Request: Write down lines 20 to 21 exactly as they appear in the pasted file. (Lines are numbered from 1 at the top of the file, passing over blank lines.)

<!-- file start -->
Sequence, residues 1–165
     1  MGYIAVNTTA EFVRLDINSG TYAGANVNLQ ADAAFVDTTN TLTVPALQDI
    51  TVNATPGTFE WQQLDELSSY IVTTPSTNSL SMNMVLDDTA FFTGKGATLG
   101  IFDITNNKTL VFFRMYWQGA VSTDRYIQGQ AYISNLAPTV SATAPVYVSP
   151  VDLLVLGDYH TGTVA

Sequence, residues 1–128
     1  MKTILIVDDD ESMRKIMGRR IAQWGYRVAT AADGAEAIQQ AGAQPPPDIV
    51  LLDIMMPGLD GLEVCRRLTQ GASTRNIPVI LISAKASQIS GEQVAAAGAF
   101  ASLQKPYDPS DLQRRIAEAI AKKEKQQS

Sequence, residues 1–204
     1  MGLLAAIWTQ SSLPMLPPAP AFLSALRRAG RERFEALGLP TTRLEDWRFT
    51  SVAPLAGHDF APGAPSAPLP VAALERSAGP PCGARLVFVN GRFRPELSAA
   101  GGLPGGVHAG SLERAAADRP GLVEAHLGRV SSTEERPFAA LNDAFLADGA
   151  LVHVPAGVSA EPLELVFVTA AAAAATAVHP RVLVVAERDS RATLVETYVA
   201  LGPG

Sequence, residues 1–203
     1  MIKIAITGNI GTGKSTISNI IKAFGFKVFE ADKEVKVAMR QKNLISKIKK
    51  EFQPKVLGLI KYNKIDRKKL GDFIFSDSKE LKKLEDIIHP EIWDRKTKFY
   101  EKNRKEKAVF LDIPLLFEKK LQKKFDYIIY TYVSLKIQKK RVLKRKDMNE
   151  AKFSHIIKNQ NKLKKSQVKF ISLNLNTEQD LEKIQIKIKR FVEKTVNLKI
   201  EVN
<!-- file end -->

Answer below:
   151  AKFSHIIKNQ NKLKKSQVKF ISLNLNTEQD LEKIQIKIKR FVEKTVNLKI
   201  EVN